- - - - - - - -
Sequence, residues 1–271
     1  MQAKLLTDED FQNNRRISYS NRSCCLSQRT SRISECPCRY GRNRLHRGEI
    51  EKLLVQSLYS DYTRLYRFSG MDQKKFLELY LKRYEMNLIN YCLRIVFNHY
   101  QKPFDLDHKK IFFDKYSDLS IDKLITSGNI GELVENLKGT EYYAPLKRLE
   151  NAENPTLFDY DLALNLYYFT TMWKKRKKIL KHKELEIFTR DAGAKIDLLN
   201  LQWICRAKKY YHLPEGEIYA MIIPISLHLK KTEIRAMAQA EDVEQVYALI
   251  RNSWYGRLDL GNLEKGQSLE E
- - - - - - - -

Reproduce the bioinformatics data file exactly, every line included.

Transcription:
Sequence, residues 1–271
     1  MQAKLLTDED FQNNRRISYS NRSCCLSQRT SRISECPCRY GRNRLHRGEI
    51  EKLLVQSLYS DYTRLYRFSG MDQKKFLELY LKRYEMNLIN YCLRIVFNHY
   101  QKPFDLDHKK IFFDKYSDLS IDKLITSGNI GELVENLKGT EYYAPLKRLE
   151  NAENPTLFDY DLALNLYYFT TMWKKRKKIL KHKELEIFTR DAGAKIDLLN
   201  LQWICRAKKY YHLPEGEIYA MIIPISLHLK KTEIRAMAQA EDVEQVYALI
   251  RNSWYGRLDL GNLEKGQSLE E